World War 2 Stories for Sheffield

                           Doris Dalby 

Elizabeth Street

By Actiondesk Sheffield

People in story: Doris Dalby (nee Greener), Margaret Canonville (nee Greener), Thomas Greener and sarah Greener
Location of story: Bradford
Background to story: Civilian


This story was submitted to the People’s War site by Bill Ross of the ‘Action Desk – Sheffield’ Team on behalf of Doris Dalby (nee Greener).  ============================================

Dad served time in the army abroad but was discharged with a perforated eardrum leading to Meniers disease. We lived in Elizabeth Street Bradford West Yorkshire. We two girls were only aged 4 And 2 but
have memories of the British Soldiers and the Italian Prisoners of war using the Swimming Baths that we lived opposite. Both the British and Italian Soldiers used to come to our house and use My Mum’s piano.
Dad also used to paint pictures and frame them, which we believe he possibly sold to the soldiers to make ends meet. I myself have very little memory of this but my sister has filled in the gaps.
Later on the British soldiers were sent on their duty to fight abroad but the boat was torpedoed and sadly all the soldiers were killed.
Being the war days, money was very tight. My Dad was a master joiner so all our toys we got for Birthdays and Christmas he made himself. I can remember us both being so proud of our little wooden dolls that had a beautifully painted face and arms and legs that moved. To top this off we both had a
wooden pram to push our dolls about in. We were very lucky girls.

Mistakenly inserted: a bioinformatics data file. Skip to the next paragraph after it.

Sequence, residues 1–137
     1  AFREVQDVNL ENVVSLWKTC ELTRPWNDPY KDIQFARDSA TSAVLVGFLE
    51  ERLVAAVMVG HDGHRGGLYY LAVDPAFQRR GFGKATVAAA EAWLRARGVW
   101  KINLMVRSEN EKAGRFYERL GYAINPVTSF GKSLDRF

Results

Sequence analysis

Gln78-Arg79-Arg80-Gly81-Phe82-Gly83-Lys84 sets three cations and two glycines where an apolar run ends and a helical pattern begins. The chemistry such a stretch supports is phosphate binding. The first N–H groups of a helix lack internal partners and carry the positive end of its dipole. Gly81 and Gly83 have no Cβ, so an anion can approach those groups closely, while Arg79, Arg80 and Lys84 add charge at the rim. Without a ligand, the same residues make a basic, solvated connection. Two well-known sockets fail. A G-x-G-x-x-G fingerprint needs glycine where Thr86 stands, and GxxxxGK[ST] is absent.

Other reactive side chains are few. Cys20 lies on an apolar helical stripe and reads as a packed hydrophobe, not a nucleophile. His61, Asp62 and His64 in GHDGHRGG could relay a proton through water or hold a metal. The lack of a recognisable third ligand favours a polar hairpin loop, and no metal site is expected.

Rations were scarce during the war and Mum was allowed clothing coupons and Ration Books for our weekly food. We had dried eggs, powdered milk and bread was 4 1/2d a loaf. I can remember queuing with Mum for four hours to get the 2/6d from the relief fund building. As a child it was just Mum getting money, but now I know this was embarrassing for her and other families in the same situation.
We can both remember having to go into the cellar when the sirens came. This I can only remember as being a little scary and still not too keen on cellars to this day. We can also remember having to carry a
gas mask at all times. Times in the cellar seemed endless; we could be down there all night until the bombs ceased. If we were outside and the sirens came we had to make it to the nearest air raid shelter.
When I was at school, the evacuees that came to Bradford, stayed with some of our teachers at their homes.
I have great memories of watching Mum making some buns, this was a real treat (buns were not on our regular daily diet). We then took the buns outside, all the neighbours got together, each family brought
what food and treats they could. There were buntings flying and Street parties were held everywhere.
This I can remember well, not really knowing the occasion but every child likes a party.
Now we know that this was the end of the war, fondly known now as VE Day.